A slow stagger of drunks has spilled out of the pub up the top of Chapel Street, what the council’s now somewhat euphemistically calling the ‘Northern Quarter’. It makes it sound like a chic Parisian hot-spot, but the pub – the Malting House they call it now – is the same seedy old ale-house it always was, cheap booze, sticky carpets and vomit on the step, a questionable choice for continuity with a bygone era. I’d rather we’d hung on to Woolworth’s – always something cosy about Woolies – but the Malting House is chosen to be our past, our present, and it seems now our future.

The drunks are shouting – all of them women, tight dresses, boobs spilling out, fag-raw voices. They sound aggressive, like they’re spoiling for a fight, but as I listen, I realise they’re only having a conversation, something about meeting up again, tomorrow.

‘Yea right then, see yer love,’

‘See yer,..’

‘See yer,..”

It’s a simple enough exchange, but it takes a while and they swear a lot while struggling to light up, drawing comically sideways on their cigarettes. Not pretty, is it? Is this really what we have become, we plucky Brits? We ninety nine percenters?

There’s a ‘bigger shoe’ guy pacing out his pitch, the same small square of street, hour after hour, his plaintive call the sound-track to my days. It’s a new guy, late middle age, pockmarked face, his boredom lifted only by the occasional passing abuse on account of his foreignness. I don’t know his story, but picture him as one of those escaping by a hair’s breadth the mess we’ve made of the world, while those who stirred up the mess don’t have to look him in the eye all the time like I do. I reckon he makes a tenner a day for his trouble, if he’s lucky. I’ve yet to a buy a magazine from him. In truth I’m embarrassed to be even marginally better off. Luck, these days, is relative.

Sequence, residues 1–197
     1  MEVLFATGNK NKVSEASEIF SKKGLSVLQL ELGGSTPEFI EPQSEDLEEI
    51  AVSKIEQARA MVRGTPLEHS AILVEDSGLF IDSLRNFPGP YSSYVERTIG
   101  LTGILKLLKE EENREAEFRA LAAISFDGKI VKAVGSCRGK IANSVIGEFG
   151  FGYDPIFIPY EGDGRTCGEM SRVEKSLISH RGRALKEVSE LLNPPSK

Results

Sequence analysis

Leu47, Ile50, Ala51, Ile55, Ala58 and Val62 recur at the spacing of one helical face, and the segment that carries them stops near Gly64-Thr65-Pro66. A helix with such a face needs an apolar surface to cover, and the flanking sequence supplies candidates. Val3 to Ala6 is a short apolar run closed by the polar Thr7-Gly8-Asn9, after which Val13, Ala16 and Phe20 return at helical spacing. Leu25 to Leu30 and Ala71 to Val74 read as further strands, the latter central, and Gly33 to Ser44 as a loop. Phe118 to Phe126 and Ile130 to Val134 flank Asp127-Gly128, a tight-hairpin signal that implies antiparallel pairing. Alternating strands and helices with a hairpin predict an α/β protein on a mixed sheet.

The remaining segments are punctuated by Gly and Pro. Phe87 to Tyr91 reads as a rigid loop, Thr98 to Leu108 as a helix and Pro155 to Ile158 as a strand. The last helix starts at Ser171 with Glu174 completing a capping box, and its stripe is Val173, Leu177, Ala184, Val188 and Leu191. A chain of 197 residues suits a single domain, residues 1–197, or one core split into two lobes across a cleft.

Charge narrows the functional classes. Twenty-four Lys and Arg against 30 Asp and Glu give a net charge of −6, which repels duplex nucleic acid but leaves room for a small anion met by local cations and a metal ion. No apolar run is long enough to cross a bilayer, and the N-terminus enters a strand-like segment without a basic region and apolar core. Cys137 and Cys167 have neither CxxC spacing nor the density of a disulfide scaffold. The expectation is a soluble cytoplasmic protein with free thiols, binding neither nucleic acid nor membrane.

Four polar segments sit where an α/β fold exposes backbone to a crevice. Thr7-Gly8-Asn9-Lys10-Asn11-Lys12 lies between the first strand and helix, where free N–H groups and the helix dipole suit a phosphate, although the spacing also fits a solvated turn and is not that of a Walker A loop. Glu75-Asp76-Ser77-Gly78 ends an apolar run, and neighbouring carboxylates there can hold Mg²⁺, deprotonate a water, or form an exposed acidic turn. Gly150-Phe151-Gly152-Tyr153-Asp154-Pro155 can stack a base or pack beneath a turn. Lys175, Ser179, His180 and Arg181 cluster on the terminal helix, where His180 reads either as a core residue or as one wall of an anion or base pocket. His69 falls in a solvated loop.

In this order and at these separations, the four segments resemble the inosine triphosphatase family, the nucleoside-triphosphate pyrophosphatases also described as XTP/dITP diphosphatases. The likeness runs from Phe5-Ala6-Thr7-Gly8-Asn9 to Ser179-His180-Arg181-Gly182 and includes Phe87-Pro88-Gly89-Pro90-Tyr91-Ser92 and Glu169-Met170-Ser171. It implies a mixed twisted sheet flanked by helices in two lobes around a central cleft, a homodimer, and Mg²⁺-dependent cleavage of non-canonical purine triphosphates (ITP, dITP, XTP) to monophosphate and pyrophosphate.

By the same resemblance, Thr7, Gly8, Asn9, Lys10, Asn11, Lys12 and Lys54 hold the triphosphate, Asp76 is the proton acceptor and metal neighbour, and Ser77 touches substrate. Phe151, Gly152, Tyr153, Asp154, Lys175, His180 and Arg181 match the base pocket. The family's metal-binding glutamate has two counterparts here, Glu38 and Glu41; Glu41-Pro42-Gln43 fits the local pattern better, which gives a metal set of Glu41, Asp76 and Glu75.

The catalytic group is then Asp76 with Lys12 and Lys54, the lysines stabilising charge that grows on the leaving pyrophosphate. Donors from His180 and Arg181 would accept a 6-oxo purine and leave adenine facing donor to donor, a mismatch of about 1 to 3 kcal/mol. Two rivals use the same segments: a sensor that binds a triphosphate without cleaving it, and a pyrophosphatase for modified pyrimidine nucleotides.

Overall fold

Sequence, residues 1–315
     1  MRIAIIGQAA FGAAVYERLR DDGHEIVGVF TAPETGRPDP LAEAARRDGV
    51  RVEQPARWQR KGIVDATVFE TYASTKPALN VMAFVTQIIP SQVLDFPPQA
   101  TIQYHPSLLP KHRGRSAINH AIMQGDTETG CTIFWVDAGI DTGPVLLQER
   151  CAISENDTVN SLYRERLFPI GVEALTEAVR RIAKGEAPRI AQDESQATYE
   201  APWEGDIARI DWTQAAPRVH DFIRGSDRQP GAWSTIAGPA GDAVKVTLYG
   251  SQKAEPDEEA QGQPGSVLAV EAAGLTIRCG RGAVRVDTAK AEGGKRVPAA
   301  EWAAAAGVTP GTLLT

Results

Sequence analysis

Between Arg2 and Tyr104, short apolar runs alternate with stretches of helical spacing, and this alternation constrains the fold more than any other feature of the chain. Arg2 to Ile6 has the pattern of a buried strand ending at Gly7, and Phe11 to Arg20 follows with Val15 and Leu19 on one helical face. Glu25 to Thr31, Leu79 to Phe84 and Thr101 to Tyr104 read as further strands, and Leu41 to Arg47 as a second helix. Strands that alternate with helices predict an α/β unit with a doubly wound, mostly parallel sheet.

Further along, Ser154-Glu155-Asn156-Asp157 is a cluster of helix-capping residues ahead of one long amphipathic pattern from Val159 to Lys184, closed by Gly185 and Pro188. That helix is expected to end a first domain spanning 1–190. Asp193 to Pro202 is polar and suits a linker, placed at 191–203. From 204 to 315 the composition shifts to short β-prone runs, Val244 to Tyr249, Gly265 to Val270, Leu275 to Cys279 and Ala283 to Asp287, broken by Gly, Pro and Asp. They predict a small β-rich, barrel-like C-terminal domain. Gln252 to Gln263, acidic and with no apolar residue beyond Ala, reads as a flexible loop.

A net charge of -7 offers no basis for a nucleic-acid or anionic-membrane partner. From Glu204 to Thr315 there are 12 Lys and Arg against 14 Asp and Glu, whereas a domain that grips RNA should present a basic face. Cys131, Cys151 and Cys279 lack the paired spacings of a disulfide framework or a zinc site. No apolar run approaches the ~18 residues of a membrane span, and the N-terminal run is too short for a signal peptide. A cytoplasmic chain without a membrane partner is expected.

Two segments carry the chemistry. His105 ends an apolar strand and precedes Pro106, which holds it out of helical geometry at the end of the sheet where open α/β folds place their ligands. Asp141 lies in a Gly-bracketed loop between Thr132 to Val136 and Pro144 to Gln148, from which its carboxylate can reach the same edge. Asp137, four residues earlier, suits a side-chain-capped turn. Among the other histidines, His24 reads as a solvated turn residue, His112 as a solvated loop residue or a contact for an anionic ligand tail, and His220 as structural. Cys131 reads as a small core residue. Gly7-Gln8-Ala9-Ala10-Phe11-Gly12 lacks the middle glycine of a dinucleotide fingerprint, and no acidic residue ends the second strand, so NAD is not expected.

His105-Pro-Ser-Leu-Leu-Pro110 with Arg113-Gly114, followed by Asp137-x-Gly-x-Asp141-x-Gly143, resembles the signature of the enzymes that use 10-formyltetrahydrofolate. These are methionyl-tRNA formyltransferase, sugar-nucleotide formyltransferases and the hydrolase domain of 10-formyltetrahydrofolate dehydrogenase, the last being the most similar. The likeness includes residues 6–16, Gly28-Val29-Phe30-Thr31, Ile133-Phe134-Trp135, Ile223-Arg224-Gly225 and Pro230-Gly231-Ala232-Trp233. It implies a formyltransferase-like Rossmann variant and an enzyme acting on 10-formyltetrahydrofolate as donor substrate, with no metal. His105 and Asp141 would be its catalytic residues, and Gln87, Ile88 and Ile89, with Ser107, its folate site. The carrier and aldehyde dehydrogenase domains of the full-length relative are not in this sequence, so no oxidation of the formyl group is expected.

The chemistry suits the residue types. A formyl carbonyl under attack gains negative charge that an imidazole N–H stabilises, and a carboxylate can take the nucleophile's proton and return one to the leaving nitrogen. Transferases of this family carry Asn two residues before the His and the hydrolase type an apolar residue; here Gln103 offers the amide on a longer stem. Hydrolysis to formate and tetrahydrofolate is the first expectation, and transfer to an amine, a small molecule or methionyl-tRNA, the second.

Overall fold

Opposite, in the doorway of the empty shop, there’s been a homeless person these past few weeks. There’s a couple of them up by the church, and one on the carpark now. The person opposite is shapeless in a dozen layers, feet and legs immersed in a sleeping bag that’s bursting stuffing from one corner. I can’t tell if it’s a man or a woman. You always get a lot of rough sleepers in the cities, I know, but it’s spreading into the provincial market towns now, and each one seems to me like a canary dropping from its perch in warning.

‘The dog starved at the rich man’s gate,’ and all that.

Odd still to be quoting Blake. It’s like we’ve learned nothing in two hundred years. Indeed if anything we are evolving backwards into a darker age even than the one he knew.

Maggs emerges from the back room, whiff of perfume – Le Jardin, I think. I had a girl who was fond of that, ended badly though.

“Just off then, Mike.”

“Righto Maggs. See you later.”

She’s wearing the green dress today. Suits it. I presume it’s fitted. She’s rather pear shaped, chunky in the thigh, but the dress makes a virtue of it. Snug jeans wouldn’t be her thing at all. Apologies for the crass objectification, but she’s a difficult one to know as a person, therefore gives me little choice. And it’s been a slow day in the bookshop.